Traffic on 95 North was not in my favor, but with a little luck and healthy disregard for the rules of the road, I figure I can just make roll call. Normally I kinda hate being late, especially to a meeting where I can’t get in un-noticed. Even though Lt Giancarlo’s text said to report directly to him, (…at least I think that’s what it meant!), I’m still an everyday patrol cop and that means be in the Squad Room 7:00 am sharp and listen to Sgt Flerherty tell all of us how to do our jobs safely and how it’s our duty to the citizens of the city of Providence and blah, blah.
I glanced at my phone and the text still showed: ‘Come in… G’ I started to grin, goddamn! this just might be my shot at trading in my same olds for some real police work! Just gots to get to the station, and make that transition.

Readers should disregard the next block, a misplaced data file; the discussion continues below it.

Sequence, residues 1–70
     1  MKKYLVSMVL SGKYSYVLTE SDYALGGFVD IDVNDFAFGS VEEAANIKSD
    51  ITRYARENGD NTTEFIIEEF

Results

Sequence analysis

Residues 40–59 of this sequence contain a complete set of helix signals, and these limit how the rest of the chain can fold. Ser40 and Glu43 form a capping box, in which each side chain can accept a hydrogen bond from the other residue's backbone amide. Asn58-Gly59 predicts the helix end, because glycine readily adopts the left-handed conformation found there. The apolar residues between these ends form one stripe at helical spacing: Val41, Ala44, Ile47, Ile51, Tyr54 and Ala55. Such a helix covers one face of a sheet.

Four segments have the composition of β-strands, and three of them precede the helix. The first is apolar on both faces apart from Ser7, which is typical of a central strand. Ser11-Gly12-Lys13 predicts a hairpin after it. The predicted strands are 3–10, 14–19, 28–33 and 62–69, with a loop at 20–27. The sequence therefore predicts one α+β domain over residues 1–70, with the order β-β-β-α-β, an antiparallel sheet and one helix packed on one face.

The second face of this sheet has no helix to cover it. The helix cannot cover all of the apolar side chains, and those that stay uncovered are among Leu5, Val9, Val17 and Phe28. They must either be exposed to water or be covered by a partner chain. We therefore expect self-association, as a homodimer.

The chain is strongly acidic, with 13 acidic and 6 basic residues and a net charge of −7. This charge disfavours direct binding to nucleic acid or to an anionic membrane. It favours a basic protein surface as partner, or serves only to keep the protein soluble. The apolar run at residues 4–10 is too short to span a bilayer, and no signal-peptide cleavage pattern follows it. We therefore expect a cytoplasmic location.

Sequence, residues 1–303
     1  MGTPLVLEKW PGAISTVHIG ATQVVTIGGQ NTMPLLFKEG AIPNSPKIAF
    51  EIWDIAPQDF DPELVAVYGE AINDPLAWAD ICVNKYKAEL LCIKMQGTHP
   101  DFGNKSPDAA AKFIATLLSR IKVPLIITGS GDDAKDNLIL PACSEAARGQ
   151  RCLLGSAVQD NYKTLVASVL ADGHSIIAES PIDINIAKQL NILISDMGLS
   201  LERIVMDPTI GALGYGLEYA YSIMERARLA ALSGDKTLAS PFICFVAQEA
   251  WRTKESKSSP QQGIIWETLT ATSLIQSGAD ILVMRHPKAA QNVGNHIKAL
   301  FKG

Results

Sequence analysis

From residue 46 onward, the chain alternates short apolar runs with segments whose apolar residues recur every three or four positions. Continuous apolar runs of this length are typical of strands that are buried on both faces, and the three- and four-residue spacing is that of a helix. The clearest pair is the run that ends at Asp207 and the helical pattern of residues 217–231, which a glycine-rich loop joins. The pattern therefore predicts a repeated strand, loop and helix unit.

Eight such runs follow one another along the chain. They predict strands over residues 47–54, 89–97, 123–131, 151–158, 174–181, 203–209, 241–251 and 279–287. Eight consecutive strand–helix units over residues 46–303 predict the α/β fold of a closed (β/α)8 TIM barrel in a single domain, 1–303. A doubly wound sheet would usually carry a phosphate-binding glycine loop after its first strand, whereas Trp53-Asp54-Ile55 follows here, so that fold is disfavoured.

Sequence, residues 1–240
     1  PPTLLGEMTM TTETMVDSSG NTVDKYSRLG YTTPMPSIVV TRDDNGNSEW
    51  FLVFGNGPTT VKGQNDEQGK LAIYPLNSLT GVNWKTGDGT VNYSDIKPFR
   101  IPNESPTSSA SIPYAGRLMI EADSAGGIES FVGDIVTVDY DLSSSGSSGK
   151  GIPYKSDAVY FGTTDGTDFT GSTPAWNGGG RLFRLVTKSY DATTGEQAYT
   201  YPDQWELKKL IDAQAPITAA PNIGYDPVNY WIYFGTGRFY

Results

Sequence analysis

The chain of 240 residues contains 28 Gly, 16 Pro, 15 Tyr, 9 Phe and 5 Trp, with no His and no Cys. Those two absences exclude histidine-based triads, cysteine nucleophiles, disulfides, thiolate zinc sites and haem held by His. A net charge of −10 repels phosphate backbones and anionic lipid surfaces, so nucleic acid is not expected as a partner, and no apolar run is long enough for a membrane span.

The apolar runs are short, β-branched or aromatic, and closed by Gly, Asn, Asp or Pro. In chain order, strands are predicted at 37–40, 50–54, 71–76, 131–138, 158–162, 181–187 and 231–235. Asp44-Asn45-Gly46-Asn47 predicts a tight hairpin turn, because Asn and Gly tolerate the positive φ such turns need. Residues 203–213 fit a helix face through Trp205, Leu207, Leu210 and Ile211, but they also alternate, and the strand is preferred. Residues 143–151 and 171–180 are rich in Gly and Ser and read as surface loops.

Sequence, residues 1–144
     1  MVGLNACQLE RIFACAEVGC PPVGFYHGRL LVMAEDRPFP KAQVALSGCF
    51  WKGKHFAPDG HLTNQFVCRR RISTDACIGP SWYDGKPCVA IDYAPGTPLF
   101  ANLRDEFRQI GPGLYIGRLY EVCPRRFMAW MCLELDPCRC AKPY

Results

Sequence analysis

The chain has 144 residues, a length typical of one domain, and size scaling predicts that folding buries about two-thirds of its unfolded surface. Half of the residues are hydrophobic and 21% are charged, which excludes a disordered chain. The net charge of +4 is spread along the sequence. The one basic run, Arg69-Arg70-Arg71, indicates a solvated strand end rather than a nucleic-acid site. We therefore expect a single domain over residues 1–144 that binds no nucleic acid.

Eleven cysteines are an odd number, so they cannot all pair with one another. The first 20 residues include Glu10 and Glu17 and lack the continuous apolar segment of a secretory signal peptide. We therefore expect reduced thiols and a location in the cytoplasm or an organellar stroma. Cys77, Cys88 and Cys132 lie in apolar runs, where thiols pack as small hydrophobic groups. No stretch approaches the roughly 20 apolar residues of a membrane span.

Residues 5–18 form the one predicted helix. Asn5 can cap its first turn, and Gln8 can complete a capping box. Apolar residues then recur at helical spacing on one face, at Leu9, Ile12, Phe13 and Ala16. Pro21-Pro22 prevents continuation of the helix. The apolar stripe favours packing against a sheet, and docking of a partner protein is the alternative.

The Providence Police Department is located directly over the Providence Fire Station. Combining essential city services into one location seemed like a great idea in the late 1950s, when the biggest public safety issues were: a) the next hurricane and b) keeping up with the dead gangster calls from Federal Hill. Square grey granite, the front of the building had an unlikely splash of red from the four overhead doors for the various trucks and fire engines. The police department was on the 2nd and 3rd floors. The Squad Room was on the 2nd floor, a 12 x 14 (probably big enough for the entire Department when the place was built) room furnished in ‘Elementary Modern’ school desks, (the kind with the solid plastic desk top that looked kinda like an apostrophe? )… now that I think about it, the room looks like most 1950s classrooms, right down to the greenish floor tile. Every day, before each shift, special assignments, notes, new APBs and general schedule bullshit was announced, gripes were solicited and we were all sent out on the street. I’ve only been on the force 3 years, but my least favorite part of the job was these daily meetings, mostly because the old veteran cops, who for the most part thrived on the shift meeting, it gave ’em a chance to be ‘wise old timers’… always plenty of advice for rookies, which to them was anyone who joined the force after Carter was President. Sgt Flerherty seemed to encourage this, sort of a ‘bad cop, worse cop‘ approach to management. He’d stand at the front of the room and listen to some of the most arrant nonsense come from these guys and would only interrupt if it looked like someone was getting pissed off enough to start something, then he’d say, ‘gentlemen!! save that shit for the street!’ At least until the ladies started to show up in uniform. Then even he had to change. And, while most cops hate change, a career Shift Supervisor like Flerherty abhorred change. He knew that women are totally suited to police work… in administration or, if especially gifted, maybe back-up Dispatcher. Beat cop? With a gun? On patrol? no, no and ‘faith ‘n begorra’ no!! Story has it that it was a young cop on the rise back in the late 80s who managed to help Flerherty to accept modern police work. That kind of help is as likely to breed resentment as it is gratitude.